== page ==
Lisa Markwell: One of the BBC's greatest achievements is in peril

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The Independent Culture

One of my earliest and most vivid TV memories is of Seven Up, the documentary series that followed children as they grew, at seven-year intervals.

Launched in 1964, it was reality TV before the term became tarnished – and was not just highly entertaining, but taught us about life in social stratas other than our own.

Like many more seasoned viewers, who despair of what The Only Way is Essex and the like teach us about anything, the BBC's more recent Child of Our Time has been a harking back to the glory days of Seven Up. With Robert Winston's engaging, intelligent dialogue and a group of fascinating children – how could they tell pre-birth that they'd make great telly? – each instalment has brought trauma and triumphs for the families involved. It has been genuinely moving for the audience too.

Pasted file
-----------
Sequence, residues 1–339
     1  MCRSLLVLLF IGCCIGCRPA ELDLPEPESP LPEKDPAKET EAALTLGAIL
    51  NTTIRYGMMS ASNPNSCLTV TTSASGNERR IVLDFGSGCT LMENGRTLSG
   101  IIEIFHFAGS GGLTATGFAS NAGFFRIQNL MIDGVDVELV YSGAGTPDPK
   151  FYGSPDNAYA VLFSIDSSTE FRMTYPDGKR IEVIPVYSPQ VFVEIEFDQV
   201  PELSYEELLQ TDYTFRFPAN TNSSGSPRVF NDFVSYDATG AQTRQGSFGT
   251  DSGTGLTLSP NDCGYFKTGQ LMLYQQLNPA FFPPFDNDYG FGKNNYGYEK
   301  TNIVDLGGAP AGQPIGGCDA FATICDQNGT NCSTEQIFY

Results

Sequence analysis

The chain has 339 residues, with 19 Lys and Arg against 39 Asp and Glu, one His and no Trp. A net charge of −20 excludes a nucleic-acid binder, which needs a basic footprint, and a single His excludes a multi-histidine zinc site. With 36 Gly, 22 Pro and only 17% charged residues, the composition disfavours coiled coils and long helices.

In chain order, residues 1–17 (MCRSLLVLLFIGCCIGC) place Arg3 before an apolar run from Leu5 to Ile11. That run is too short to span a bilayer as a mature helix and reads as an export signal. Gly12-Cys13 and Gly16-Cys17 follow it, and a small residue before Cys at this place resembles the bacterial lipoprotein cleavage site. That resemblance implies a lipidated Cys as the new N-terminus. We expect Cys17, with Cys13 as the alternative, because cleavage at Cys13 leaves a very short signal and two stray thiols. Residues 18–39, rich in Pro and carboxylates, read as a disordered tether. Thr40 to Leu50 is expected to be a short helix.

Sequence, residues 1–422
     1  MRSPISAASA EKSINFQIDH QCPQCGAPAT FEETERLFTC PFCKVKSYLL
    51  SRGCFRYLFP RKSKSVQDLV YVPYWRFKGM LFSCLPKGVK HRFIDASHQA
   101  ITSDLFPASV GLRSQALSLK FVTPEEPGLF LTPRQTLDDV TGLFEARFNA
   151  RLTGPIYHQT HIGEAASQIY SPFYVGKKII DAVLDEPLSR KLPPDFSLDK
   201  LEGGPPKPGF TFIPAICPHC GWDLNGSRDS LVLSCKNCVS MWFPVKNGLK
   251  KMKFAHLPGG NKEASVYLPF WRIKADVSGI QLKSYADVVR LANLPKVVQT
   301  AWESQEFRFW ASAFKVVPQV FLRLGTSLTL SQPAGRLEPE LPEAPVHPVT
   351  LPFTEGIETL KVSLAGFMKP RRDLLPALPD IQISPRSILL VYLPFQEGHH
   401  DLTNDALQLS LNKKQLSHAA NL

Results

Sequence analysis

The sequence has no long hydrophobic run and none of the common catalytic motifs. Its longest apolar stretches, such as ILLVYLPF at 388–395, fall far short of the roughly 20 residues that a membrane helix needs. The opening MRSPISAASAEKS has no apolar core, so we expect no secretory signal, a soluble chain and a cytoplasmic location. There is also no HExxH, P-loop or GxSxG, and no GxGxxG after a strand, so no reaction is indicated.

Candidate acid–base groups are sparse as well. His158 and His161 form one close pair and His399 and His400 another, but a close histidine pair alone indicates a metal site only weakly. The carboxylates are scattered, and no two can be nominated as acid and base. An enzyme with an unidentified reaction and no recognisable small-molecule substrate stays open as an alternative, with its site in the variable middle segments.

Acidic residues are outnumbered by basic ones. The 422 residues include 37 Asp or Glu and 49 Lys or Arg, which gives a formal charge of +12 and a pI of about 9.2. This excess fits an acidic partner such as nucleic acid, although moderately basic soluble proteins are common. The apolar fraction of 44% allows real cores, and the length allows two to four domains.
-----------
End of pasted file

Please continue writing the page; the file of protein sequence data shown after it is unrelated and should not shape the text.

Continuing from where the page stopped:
If the BBC now feels that the investment might not be worth it ... well, I beg to differ. We need programmes that hold up a mirror to society in a cool-headed way. Although its own reputation is somewhat tarnished, the Beeb is still no ITV2 – it must maintain its position as a responsible broadcaster to which we turn for grown-up documentaries (even if the subjects aren't, well, grown up).

Its argument that the subjects, now entering puberty, might want a little privacy, just doesn't wash – children in the social network age more than any other have no qualms about living out their adventures in the public eye. And for those of us born before Twitter and Facebook, we are patient; we find waiting for a new instalment rewarding. Please, BBC, don't dumb down or drop one of your greatest achievements.